As I was watching the precision of how his right and left hands coordinated together, Ishizaki-san told me that Yacchan’s favorite food was corn, and I immediately perceived it! The shape of the paper tube and the spacing between the nails are reminiscent of the ordered rows of corn on the cob! Had I solved it? If one can create something he loves entirely by relying on himself, then his happiness would be relatable. 

“For Yacchan, the nails may represent ‘unreasonable things’. Every time a countless number of ‘unreasonable things’ are knocked into the paper tube, he feels slightly relieved and his favorite food, corn, can be sublimated.” said Ishizaki-san. I learned from her that Yacchan first started creating his “corn art” when going through a difficult and chaotic time during his middle school graduation. For him, it was an “unreasonable thing” that people had to part from each other at certain times in their lives.  

Another reason may lie in the work itself, I pondered. Yacchan knocks the sharp, painful end of the nail into the center of the paper tube, leaving the flat smooth head of the colored nails in orderly rows on the curved tube. As a result, countless myriad-colored circles are lined up in an orderly manner on its surface. The sharp ends, like thorns that can cause pain, are safely hidden away within.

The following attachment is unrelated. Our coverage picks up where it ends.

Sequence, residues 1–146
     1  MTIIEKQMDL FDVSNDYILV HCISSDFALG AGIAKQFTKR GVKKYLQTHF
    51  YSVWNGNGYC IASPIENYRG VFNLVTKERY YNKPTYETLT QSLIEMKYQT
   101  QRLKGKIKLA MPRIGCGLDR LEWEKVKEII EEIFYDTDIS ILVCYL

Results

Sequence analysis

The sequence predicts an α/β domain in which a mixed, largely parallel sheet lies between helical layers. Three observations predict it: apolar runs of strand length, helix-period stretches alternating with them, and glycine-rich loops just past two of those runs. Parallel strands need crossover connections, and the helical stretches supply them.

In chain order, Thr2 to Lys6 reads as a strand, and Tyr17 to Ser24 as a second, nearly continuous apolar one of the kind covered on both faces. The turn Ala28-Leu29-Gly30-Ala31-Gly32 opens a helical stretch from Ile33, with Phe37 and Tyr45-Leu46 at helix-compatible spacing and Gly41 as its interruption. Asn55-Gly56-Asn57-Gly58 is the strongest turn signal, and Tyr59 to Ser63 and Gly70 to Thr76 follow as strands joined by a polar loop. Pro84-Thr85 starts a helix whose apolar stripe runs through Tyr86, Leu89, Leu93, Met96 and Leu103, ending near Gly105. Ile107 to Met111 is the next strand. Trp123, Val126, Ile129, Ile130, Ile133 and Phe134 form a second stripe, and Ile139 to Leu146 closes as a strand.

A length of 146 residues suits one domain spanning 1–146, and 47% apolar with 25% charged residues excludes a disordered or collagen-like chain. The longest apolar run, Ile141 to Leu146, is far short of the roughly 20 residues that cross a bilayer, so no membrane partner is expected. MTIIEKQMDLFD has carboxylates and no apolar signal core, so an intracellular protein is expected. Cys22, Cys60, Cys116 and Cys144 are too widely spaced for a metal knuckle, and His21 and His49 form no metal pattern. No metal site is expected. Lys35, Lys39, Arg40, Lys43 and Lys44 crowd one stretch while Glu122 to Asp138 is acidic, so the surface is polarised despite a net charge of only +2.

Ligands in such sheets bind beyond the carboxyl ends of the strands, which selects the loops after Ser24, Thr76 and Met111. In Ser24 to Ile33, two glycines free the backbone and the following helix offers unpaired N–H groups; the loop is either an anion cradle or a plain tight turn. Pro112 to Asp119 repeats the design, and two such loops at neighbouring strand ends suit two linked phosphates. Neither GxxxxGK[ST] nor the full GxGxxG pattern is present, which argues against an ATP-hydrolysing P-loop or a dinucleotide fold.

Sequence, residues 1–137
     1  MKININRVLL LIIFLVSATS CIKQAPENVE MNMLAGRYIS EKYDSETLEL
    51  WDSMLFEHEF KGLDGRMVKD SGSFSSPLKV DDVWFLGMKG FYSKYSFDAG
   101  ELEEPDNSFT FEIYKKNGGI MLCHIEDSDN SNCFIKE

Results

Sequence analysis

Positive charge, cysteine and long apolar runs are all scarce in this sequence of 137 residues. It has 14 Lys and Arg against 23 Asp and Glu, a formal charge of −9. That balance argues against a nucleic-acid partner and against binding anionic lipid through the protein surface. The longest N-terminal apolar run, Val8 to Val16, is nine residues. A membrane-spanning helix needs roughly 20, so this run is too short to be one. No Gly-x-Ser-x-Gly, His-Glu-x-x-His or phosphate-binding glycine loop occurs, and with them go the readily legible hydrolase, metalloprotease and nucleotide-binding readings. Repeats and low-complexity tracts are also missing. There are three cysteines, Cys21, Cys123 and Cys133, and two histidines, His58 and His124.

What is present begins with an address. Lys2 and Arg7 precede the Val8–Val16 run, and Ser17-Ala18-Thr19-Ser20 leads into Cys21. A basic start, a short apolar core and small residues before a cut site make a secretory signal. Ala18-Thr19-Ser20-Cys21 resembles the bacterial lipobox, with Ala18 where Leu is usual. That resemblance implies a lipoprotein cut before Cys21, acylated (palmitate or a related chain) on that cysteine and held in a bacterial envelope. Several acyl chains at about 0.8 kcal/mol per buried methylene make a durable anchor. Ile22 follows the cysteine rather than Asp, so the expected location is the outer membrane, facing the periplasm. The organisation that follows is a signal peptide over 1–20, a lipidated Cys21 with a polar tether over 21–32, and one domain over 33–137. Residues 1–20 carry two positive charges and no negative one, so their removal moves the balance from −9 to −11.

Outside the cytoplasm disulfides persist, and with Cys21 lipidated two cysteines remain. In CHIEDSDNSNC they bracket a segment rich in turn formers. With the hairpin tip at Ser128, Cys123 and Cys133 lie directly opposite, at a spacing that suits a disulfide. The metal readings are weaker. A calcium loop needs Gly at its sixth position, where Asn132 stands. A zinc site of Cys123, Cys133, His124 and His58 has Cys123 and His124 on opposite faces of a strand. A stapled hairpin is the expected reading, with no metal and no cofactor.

Yacchan continues to work with a serious expression on his face and I wondered what emotions fueled his art. Whether it was satisfaction or emotional unrest, like the interior of the paper tube, it was impossible to know what lies beneath. By the time he completed filling the corn full of nails, it was many times heavier than the original paper tube. He however stood up vigorously from his chair with lightness as if unburdened of a weight. I imagined I could feel his satisfaction. 

Within that specific moment, the unbearable weight accumulated from numerous “unreasonable things” he must face, may have partially departed from Yacchan. Yet can he reduce that heaviness without going through the similar process again and again? 

Then, another question arose. How should we confront works of art? Sometimes it feels unobtainable, like grasping at a cloud, and sometimes it we feel a deep meaning and weight that becomes anticipation. Despite attempts by scholars to categorize, define and interpret art objectively, subjective judgments differ depending on each person’s experiences. This is never clearer than with the types of “art brutal” that is created within the ateliers of special artists. In this way, can we see that a heavy corn cob of paper and nails might convey an unbearable lightness?

If you approach works by tossing aside your preconceptions, and then start by embracing the work and exploring how it was created, you can then experience the art through your own lens.

In this way, you may feel a weight and be shaken by your own ambivalent thoughts or sorrowful experiences and feel unable to bear their weight. That is an art experience.

By Jude Jiang

Jude Jiang is a bilingual writer based in China. She has a strong interest in bridging the understanding between western and eastern worlds through storytelling.